Walking with; Nobody
The Lake District in Summer can be a pretty horrendous place, Bowness can be akin to Blackpool and on my drive up both Ambleside and Keswick were too hectic to even consider stopping. I eventually found a spot of lunch in Cockermouth and can heartily recommend “Main Street Fisheries” for an excellent portion of fish and chips. Ennerdale however remains a relatively tranquil oasis, it’s remoteness means it gets considerably less visitors than many of the other lakes and apart from a trickle of Coast to Coasters I had the place to myself for the majority of the walking.
I arrived on the Monday afternoon and parked my car outside the picturesque YHA http://www.yha.org.uk/hostel/ennerdale which is housed in an old foresters cottage a couple of miles along a dirt track and has it’s own hydro-electric power supply, an excellent selection of cakes and scones and no mobile phone, reception, internet or television….all adding to the tranquility. It also has a superb view of Pillar from the breakfast room. On Day one, I contented myself with a gentle stroll along the forestry track taking in the views of Pillar, Crag Fell, Anglers Crag and Ennerdale Water. I watched a couple of Peregrines playing above the forest, snacked on billberries in the woods and listened to the distinctive “cronk” of a Raven. I found a bench to sit on and watched the shadows of the clouds flit across the hills and generally revelled in doing nothing, hearing nothing and seeing nobody……..Back to the hostel for a few pints of “Snecklifter” and a good nights sleep ahead of a slightly tougher Tuesday.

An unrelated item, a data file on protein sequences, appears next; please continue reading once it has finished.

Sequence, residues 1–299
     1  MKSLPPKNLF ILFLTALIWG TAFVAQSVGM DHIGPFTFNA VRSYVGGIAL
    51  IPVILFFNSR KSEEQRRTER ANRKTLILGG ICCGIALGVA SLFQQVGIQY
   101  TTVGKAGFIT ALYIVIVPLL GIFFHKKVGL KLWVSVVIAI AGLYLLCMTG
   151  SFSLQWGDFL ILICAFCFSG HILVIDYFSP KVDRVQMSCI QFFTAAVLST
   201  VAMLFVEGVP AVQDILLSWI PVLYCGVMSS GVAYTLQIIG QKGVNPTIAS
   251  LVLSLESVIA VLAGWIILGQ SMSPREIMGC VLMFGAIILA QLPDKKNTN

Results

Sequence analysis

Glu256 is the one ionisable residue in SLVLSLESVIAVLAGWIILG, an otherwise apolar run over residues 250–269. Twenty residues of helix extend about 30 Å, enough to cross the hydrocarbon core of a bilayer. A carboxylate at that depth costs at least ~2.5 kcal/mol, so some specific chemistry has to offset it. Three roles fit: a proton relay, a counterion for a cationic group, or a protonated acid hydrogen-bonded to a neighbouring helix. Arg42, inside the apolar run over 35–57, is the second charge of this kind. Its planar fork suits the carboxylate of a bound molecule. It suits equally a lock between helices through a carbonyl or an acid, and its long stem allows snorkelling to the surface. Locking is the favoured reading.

Fuelled by a cooked breakfast I set off on Tuesday morning and was soon climbing out above Ennerdale following the path of Gillflinter Beck onto the slopes of Red Pike. It was wet underfoot and there had been a number of landslides across the path so I ended up scrambling through the scree to reach White Pike before heading across the tops to Red Pike and some spectacular views over Crummock Water and a good twenty miles of visibility in all directions. The ridge stretched out ahead of me and I was soon continuing high above Bleaberry Tarn to the next peak, High Stile, where I sat and looked out over Buttermere and away in the distance to the Derwent Fells. I watched another Raven circling and chatted to a couple of girls backpacking their way over to Scafell Pike. Reluctantly leaving the view behind I struck out East along the well defined ridge to High Crag where I stopped for a sarnie with beautiful views down the valley to Ennerdale Water and watched as the clouds started to swirl around Pillar and minutes later the rain started to fall. Descending the steep flank of High Crag I was aware, for the first time today, of multi-coloured dots ascending the slopes ahead of me, it was Haystacks, beloved by Wainwright and, if Tuesday is anything to go by, large numbers of others. Wainwright wrote of Haystacks, “for beauty, variety and interesting detail, for sheer fascination and unique individuality, the summit area of Haystacks is supreme. This is in fact the best fell-top of all..”, high praise indeed and whilst I might not find myself in total agreement, it is certainly a pretty spot and accessible at only 597 metres. Having made it this far I decided to carry on to Innominate Tarn where Wainwright had his ashes scattered, a site of proper pilgrimage for fans of Lakeland walking. I skirted the tarn and then made my way down a steep sheep track on Haystack’s flank to Scarth Gap sandwiched between Seat and Haystacks where I followed the path down to the valley floor and watched a group of walkers working their way up to the Black Sail Hut, sitting remote at the head of the valley. The last four miles were a military yomp along the forestry track back to the YHA. The Ennerdale re-wilding project is working http://www.wildennerdale.co.uk/ and the valley floor reminds me of wild Scotland or even the South island of New Zealand with the Liza running down the middle and the lack of farming until Gillerthwaite is reached. Ennerdale is still home to Red Squirrels and Pine Martens and is a fantastic spot to get away from the hubbub of the Southern Lakes and enjoy some real solitude.
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